response to TGFb treatment, whereas the basal CD44lo cells responded in a dose-dependent manner to TGFb by generating CD44hi cells (Figure 6C). We further demonstrate that TGFb stimulation led to an increase in ZEB1 protein levels (Figure S6E). Together, these data indicate that one important contextual signal, TGFb, enhances the rate of CD44lo-toCD44hi transitions in basal breast cancer CD44lo cell populations and that this response is dependent upon induction of ZEB1 expression. Modulation of the Chromatin Status at the ZEB1 Promoter by TGFb Having shown that TGFb induces CD44lo-to-CD44hi conversions in basal CD44lo cells, we examined whether this effect coincided directly with changes in the histone modication patterns at the ZEB1 promoter. To do so, we performed ChIP-qPCR on basal HME-opc-CD44lo cells expressing doxycycline-inducible ZEB1-shRNA treated with control (HCl), TGFb (2 ng/ml), or the SB431542 TGFb receptor inhibitor (10 mM).

To maintain a homogeneous CD44lo population, performing this experiment in a ZEB1-kd intracellular environment was essential; otherwise, TGFb treatment would cause the CD44lo cells to transition to a CD44hi state, in which case, the CD44hi cells harboring active histone modications at the ZEB1 promoter would mask any changes occurring specically in CD44lo cells. ZEB1 knockdown in basal CD44lo cells was induced by exposure to doxycycline for 5 days, and cells were subsequently treated with TGFb, SB431542, or control (PBS or DMSO). After an additional 5 days in the continued presence of doxycycline, FACS analysis conrmed that the CD44lo-ZEB1-kd cells remained as pure CD44lo populations (Figure 6D). We then performed ChIP-qPCR at the ZEB1 promoter to compare changes in the levels of histone modications in control versus TGFb or SB531542 treatment. Though no signicant differences in the H3K4me3 or H3K79me2 methylation patterns were observed across all treatment groups, we found that
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Figure 6. TGFb Can Induce CD44lo-toCD44hi Switching and Modulates the Chromatin at the ZEB1 Promoter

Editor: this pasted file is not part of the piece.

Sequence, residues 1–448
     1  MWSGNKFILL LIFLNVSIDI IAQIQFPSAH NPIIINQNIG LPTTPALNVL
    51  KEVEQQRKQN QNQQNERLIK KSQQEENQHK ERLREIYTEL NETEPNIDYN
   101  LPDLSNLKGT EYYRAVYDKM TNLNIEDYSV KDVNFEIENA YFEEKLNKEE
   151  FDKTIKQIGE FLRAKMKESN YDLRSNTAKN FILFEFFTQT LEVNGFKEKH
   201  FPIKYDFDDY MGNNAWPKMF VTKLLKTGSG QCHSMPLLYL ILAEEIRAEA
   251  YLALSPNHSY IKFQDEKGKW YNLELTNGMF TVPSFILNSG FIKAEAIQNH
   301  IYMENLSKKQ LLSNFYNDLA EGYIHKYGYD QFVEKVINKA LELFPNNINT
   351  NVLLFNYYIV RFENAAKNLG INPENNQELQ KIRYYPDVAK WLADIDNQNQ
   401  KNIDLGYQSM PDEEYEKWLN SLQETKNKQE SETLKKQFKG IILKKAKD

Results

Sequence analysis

(A) Puried HME-opc-CD44lo cells expressing dox-inducible shRNA targeting ZEB1 (sh1 and sh2) were monitored by FACS for their ability to switch to the CD44hi state following TGFb treatment in vitro. *p < 0.0001, different to control; **p < 0.001, different to control (dox). (B) Transformed HME-opc-CD44lo cells expressing sh1-targeting ZEB1 were treated with TGFb and monitored by FACS for switching to the CD44hi state. (C) Puried CD44lo cells from luminal (MCF7R and ZR-75-1) and basal (HMLER and HCC38) BrCa cell lines monitored by FACS for switching to the CD44hi state following TGFb or SB431542 treatment in vitro. *p < 0.0001; two-way ANOVA followed by Tukeys multiple comparisons test. (D) Representative FACS plots of HME-opcCD44lo cells expressing sh1- or sh2-targeting ZEB1 treated with control (PBS), TGFb (2 ng/ml), or SB431542 (10 mM). (E) ChIP-qPCR for the H3K4me3, H3K27me3, and H3K79me2 histone modications at the ZEB1 promoter in cells from (D) (*p < 0.0001, n = 4, twoway ANOVA followed by Tukeys multiple comparison test, different to control and SB431542). (FH) MCF7R cells expressing a dox-inducible empty vector (control) or ZEB1 overexpression construct were treated with dox and monitored by FACS for their ability to switch to the CD44hi state (F), for the ability to form tumorspheres in vitro (*p < 0.0001; one-way ANOVA and Tukeys multiple comparisons test), different to control (G), and for tumorigenicity in vivo (tumor-initiating ability marked as percentages on each bar; *p = 0.03; one-way ANOVA and Tukeys multiple comparisons test), different to control and ZEB1-lo (H). Data are represented as mean SEM. See also Figure S6.